Alyssa Samek, visiting professor of rhetoric at Drake University, was honored with the first annual Dissertation of the Year Award from the GLBTQ Division and the Caucus on LGBTQ Concerns within the National Communication Association. The GLBTQ Dissertation of the Year Award acknowledges one exceptional dissertation that is advancing GLBTQ communication.
Samek is a first-year faculty member at Drake University, and only recently completed her dissertation titled, "Crafting Queer Identify, Building Coalitions, and Envisioning Liberation at the Intersections: A Rhetorical Analysis of 1970s Lesbian-Feminist Discourse,” which addresses the key issues that exist within the LGBTQ field of study. Her dissertation observed the ways that lesbian-feminists dealt with competing pressures of identity, and the frustrations that they underwent as they faced discrimination throughout the 1970s. The study sheds light on ways that lesbian-feminists reconstructed their identities through various social movements that occurred in the 1970s such as women's liberation, gay liberation, and anti-war activism.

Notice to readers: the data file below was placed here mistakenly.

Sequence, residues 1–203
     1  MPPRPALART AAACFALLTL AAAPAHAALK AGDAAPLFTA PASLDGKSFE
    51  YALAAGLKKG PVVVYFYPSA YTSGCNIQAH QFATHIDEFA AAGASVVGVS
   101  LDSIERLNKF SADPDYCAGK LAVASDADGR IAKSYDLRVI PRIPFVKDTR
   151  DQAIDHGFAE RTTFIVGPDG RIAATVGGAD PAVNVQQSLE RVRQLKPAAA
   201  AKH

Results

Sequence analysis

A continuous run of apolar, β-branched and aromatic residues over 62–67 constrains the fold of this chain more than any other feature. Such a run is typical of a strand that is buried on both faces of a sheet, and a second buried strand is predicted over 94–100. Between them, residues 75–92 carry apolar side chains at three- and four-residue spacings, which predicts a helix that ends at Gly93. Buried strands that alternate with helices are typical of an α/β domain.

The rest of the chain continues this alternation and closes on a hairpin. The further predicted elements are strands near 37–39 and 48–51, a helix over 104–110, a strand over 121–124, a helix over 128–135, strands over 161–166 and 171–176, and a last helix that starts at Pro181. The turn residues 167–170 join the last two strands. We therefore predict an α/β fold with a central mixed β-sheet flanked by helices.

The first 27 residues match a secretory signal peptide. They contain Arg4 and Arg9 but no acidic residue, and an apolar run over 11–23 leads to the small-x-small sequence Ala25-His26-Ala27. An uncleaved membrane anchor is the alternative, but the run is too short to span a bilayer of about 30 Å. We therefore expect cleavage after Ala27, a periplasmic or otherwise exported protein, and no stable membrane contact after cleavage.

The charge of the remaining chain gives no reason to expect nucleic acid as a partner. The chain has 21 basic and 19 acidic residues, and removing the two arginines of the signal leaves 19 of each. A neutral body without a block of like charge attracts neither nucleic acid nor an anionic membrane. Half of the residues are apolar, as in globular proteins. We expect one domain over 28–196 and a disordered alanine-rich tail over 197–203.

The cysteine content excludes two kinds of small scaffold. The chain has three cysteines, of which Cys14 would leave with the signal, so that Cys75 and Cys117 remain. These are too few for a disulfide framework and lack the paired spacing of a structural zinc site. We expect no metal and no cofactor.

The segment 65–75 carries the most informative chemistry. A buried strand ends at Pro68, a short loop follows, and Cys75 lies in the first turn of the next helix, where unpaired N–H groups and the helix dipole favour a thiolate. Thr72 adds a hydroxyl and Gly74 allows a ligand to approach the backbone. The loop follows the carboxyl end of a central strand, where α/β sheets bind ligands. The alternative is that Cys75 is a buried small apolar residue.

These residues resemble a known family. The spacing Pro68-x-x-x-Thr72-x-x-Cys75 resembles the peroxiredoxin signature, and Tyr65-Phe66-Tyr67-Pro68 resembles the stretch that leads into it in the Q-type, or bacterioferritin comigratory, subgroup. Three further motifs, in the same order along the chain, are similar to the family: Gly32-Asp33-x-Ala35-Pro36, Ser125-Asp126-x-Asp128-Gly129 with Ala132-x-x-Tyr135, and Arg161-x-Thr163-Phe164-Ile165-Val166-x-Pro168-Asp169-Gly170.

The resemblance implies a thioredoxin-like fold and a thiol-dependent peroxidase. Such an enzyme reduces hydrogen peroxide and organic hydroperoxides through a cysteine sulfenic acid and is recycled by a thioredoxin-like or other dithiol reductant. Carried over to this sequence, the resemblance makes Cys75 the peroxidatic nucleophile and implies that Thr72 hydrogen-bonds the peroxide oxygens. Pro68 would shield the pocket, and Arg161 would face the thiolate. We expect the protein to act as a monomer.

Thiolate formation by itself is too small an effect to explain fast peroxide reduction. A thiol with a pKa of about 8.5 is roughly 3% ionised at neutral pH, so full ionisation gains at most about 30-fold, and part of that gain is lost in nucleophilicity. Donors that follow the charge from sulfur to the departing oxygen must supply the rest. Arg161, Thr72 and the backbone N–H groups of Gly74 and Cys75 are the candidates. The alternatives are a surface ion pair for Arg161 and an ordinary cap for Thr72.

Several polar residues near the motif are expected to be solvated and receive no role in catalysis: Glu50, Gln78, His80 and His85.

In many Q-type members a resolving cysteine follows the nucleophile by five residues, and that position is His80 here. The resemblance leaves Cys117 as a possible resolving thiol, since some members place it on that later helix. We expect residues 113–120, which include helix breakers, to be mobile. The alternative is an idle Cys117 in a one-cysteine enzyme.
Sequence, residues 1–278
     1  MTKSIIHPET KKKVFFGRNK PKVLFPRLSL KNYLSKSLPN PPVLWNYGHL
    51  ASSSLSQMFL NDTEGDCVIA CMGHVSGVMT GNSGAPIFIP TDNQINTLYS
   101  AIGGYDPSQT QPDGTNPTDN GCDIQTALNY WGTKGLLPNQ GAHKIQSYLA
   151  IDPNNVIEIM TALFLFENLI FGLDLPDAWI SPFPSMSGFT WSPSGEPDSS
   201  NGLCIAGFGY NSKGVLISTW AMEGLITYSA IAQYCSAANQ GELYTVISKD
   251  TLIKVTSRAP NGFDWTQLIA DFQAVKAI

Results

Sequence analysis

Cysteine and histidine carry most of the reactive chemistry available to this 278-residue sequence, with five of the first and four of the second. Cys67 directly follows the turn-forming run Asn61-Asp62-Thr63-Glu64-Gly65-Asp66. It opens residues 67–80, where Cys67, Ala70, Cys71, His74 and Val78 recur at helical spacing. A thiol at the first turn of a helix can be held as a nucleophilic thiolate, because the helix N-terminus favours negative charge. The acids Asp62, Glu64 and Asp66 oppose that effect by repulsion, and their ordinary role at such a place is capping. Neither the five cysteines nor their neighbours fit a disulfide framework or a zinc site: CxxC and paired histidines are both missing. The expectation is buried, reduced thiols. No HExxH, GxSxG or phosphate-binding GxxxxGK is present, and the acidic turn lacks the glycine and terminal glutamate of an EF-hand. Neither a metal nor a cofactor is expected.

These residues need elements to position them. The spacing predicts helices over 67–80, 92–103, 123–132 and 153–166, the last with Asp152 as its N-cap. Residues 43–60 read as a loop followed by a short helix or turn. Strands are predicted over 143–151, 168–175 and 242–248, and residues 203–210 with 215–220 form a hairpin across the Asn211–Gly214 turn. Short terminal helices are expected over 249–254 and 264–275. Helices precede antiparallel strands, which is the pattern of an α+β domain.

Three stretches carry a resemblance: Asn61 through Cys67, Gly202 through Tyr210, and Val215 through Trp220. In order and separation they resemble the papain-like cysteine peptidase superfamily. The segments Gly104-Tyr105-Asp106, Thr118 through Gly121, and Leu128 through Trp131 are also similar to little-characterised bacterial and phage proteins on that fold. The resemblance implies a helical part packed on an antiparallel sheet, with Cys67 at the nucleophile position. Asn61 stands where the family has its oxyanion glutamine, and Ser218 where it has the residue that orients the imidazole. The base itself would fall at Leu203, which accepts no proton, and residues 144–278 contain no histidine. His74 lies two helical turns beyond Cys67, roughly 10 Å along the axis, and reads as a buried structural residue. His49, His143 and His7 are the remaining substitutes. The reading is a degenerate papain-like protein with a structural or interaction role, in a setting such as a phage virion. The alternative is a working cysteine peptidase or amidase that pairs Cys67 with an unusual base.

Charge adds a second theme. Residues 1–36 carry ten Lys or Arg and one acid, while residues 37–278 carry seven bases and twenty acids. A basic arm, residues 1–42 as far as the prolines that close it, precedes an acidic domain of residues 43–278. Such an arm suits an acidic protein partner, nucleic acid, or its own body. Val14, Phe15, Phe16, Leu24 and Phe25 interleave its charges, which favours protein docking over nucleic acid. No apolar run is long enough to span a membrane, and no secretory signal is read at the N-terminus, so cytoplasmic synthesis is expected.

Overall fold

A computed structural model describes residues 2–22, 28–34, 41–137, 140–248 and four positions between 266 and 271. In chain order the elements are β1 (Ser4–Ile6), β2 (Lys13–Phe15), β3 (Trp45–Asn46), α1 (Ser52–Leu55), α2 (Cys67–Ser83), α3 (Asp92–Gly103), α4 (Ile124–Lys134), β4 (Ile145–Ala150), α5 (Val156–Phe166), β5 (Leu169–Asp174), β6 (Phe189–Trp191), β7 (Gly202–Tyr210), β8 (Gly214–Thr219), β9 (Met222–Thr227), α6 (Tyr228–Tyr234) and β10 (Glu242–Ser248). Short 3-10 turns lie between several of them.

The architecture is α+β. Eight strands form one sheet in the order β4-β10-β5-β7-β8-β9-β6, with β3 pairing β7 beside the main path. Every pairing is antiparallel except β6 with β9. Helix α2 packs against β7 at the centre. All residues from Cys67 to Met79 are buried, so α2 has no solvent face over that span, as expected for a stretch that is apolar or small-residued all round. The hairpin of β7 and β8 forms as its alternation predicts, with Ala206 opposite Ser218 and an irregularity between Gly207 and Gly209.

Joan Faber McAlister, associate professor of rhetoric at Drake University, received the Monograph of the Year Award from the same organization for "Figural Materialism: Renovating Marriage through the American Family Home,” which attempts to refresh current figural study methods by combining the rhetorical tradition of tropology with feminist theories of figuration.